As part of the Centre's science dissemination effort, he guided and co-scripted a comprehensive exhibition on history of science: "Science-A Human Saga" in the 1990s. Earlier, he wrote and devised two radio programmes: " A Grain of Sand " on Albert Einstein (1981), and "Compliments to Complementarity" on Niels Bohr (1985) for All India Radio, Mumbai.

During his tenure at HBCSE, he chaired or was a member of several apex committees in the country in the areas of education and science communication.  He was a member of the National Steering Committee for National Curriculum Frame-work (2005), wherein he chaired the Focus Group on Teaching of Science set up as part of the effort.  Earlier, he had participated in the design of UGC (University Grants Commission) curriculum for B.Sc. (1991).

He played a central role in launching the Science Olympiad Programme in India in 1998. Under his leadership, HBCSE soon became the nodal Centre of the country for academic Olympiads in basic sciences, including astronomy. He chaired the organization of International Olympiads hosted by India in Chemistry (2001), Astronomy (2006) and Biology (2008).  He also contributed significantly to the Kishore Vaigyanik Protsahan Yojana (a talent search programme at the high school stage) of the Indian Institute of Science, Bangalore for many years from its inception.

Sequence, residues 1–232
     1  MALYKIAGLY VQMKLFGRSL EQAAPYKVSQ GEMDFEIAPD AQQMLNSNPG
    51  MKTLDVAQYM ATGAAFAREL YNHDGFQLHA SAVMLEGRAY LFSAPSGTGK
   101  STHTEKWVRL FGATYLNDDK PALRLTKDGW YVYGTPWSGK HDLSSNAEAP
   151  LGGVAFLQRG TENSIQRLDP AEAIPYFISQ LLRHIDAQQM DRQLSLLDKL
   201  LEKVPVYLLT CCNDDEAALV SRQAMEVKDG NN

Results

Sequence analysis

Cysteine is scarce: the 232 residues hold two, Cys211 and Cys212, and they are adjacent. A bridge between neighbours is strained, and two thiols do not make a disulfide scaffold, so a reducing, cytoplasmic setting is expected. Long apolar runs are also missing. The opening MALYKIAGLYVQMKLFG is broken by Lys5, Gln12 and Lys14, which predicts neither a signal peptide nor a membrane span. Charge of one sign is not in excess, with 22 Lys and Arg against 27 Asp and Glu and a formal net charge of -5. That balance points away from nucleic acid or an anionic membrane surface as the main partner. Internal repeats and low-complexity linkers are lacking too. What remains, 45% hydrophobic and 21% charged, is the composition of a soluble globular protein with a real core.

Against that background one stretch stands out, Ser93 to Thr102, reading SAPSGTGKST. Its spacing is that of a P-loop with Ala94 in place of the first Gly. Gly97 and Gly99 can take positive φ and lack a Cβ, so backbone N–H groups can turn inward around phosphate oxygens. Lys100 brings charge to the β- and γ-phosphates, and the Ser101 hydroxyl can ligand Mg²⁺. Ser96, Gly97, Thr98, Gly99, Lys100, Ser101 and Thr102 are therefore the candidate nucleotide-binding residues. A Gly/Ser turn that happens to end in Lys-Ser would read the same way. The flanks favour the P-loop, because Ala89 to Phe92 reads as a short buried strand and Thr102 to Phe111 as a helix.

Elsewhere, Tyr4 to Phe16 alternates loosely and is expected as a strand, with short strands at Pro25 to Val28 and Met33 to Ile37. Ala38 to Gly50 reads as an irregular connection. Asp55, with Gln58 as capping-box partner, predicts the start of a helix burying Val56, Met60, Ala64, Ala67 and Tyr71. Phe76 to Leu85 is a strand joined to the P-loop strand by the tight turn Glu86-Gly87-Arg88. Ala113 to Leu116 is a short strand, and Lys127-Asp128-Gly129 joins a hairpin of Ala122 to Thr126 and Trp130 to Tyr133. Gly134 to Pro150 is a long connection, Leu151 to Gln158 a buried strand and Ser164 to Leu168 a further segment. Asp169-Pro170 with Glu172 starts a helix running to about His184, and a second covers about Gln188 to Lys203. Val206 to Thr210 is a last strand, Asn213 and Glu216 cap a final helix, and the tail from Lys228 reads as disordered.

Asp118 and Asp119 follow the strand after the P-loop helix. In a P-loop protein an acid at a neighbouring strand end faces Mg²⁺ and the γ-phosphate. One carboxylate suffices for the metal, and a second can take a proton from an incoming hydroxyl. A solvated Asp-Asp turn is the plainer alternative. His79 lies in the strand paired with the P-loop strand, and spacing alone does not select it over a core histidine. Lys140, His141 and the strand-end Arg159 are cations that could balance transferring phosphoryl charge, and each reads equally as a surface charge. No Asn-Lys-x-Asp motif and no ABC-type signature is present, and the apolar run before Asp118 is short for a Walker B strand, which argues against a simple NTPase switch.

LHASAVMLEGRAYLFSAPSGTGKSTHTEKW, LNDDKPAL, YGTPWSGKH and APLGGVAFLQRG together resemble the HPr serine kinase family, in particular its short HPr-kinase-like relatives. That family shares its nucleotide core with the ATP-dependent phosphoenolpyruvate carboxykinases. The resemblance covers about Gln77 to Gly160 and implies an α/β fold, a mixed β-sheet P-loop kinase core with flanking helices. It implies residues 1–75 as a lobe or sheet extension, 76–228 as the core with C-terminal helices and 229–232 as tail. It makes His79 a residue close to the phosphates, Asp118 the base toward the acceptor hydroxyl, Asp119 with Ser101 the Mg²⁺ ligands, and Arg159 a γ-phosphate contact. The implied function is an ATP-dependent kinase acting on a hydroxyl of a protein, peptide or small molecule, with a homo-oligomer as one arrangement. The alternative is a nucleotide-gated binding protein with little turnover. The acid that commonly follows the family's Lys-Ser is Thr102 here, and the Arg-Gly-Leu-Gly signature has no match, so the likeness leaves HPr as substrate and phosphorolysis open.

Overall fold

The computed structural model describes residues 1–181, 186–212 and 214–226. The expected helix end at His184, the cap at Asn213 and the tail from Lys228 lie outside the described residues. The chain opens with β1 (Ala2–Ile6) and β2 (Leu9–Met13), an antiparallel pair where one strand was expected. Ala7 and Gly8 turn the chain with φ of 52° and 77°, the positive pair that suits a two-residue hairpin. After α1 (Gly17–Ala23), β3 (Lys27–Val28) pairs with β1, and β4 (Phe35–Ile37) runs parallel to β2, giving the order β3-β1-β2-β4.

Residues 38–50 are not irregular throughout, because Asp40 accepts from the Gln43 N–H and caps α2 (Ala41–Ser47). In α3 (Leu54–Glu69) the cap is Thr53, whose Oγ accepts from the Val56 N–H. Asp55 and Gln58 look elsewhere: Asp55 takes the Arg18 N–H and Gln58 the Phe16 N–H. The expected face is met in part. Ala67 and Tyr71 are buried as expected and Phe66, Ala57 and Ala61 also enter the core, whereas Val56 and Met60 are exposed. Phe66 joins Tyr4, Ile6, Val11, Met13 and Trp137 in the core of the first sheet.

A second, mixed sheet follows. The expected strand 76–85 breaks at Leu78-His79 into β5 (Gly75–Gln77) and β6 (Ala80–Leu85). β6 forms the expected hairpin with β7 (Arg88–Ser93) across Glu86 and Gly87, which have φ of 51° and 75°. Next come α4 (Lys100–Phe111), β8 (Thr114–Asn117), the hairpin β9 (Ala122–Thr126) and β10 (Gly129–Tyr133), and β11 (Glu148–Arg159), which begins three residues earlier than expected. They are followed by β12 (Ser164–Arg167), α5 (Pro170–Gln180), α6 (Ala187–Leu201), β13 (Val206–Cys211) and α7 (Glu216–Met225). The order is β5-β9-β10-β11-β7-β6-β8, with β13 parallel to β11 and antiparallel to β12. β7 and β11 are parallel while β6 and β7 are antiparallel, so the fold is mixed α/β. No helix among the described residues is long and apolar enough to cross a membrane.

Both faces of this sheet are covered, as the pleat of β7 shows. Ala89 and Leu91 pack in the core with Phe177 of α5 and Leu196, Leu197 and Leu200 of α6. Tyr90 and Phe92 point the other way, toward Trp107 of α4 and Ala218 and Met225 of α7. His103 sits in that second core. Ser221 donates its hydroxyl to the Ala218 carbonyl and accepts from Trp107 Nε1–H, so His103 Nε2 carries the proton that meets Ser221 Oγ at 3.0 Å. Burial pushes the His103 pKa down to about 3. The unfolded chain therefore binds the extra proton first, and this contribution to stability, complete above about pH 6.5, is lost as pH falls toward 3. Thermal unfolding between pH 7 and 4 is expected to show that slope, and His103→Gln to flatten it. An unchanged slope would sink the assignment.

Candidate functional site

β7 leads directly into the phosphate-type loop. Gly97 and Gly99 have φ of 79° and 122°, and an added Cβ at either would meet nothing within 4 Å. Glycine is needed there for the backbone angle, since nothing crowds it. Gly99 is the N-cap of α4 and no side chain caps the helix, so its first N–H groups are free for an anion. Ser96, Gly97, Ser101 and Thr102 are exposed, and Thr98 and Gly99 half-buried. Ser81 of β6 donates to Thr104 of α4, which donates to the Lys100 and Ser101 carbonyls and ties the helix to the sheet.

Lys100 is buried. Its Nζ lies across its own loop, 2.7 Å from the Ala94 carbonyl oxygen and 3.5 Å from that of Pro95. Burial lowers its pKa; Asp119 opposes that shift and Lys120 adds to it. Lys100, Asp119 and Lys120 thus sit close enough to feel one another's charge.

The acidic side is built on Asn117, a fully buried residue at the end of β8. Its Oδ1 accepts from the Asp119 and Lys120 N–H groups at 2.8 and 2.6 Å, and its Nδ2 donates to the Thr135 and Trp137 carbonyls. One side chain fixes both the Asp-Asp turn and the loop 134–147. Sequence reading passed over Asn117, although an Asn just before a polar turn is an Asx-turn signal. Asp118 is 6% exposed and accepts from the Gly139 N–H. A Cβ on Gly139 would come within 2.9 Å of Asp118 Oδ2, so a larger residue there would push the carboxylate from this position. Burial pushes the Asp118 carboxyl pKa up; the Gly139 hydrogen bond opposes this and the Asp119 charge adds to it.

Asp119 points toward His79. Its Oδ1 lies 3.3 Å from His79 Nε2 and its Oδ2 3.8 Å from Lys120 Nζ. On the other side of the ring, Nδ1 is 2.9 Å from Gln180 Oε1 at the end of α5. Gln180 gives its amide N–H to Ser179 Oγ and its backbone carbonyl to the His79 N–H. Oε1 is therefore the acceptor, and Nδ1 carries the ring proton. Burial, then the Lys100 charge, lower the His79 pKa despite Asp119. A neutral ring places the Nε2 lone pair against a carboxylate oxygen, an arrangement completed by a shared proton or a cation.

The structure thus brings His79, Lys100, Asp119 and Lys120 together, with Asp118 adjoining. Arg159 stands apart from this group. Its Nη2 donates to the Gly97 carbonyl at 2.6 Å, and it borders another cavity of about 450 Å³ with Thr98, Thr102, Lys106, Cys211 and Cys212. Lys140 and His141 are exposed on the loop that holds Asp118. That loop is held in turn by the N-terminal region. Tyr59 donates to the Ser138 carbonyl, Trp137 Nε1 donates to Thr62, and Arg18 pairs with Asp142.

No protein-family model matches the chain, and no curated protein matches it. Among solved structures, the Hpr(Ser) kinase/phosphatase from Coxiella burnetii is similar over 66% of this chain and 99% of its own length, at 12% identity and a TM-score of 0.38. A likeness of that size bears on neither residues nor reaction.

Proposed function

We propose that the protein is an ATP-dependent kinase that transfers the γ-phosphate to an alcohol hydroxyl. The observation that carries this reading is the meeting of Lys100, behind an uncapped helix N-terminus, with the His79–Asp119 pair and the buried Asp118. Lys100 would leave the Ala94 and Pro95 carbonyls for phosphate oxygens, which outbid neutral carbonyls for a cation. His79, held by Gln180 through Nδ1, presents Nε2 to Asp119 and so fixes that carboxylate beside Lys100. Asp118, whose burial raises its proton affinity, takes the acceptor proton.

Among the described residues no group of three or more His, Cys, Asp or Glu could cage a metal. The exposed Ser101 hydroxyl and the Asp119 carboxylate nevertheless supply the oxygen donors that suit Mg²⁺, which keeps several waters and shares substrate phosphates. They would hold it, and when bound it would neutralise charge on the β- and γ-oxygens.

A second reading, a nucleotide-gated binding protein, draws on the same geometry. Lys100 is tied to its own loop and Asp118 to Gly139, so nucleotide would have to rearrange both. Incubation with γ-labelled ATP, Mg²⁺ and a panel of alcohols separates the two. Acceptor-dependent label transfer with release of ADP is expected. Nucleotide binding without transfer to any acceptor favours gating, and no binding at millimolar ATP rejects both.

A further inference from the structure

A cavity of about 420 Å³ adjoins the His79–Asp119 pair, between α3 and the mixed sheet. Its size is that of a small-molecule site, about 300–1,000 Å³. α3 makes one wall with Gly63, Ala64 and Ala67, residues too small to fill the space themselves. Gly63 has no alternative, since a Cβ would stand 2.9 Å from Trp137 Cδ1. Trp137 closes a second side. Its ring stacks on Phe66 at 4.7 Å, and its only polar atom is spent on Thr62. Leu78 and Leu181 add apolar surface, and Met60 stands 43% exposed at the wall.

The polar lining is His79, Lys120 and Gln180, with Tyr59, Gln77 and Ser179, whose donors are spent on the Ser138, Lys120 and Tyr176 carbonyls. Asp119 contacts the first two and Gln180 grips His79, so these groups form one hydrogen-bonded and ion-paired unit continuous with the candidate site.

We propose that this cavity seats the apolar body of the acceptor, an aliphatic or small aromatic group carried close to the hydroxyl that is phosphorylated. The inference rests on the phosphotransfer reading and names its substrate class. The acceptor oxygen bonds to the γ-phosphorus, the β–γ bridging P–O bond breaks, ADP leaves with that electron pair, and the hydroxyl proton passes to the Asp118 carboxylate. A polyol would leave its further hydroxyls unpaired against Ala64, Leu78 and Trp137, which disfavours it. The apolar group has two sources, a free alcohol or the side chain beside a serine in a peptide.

In 2004, he initiated a major new programme at HBCSE:  National Initiative on Undergraduate Science (NIUS) aimed at motivating science undergraduates towards research. He was also involved in a number of other national initiatives aimed at attracting meritorious students to science. In particular, he played a key academic role (design of entrance test and curriculum) in the initial phase of the setting up of the CEBS in 2007-2008.  

He helped establish a unique Ph.D. School in Science Education at HBCSE, as part of the Graduate Studies at TIFR (A Deemed University).  In 2001, he initiated the organization of the periodic International Conference ‘EPISTEME’ by HBCSE to encourage the growth of this field in the country and enhance professional contact with scholars in the field abroad.  

He is a Fellow of the National Academy of Sciences, India.  He received the Indian National Science Academy’s INSA Teacher award (2014) for college/university education, the Third World Academy of Sciences’ TWAS Regional Prize for work in school education (2009) and the Indian Nuclear Society’s INS Science Communication award (2003).  He also received the prestigious Godavari Gaurav award from Kusumagraj Pratishthan (a prominent cultural organization in Maharashtra) in 2006. He was President of the 41st Akhil Bharatiya Marathi Vidnyan Adhiveshan, Vani in 2006.

In 2010, he was awarded ‘Padma Shri’ by the Hon’ble President of India ‘for distinguished service in the field of education’. 

November 2021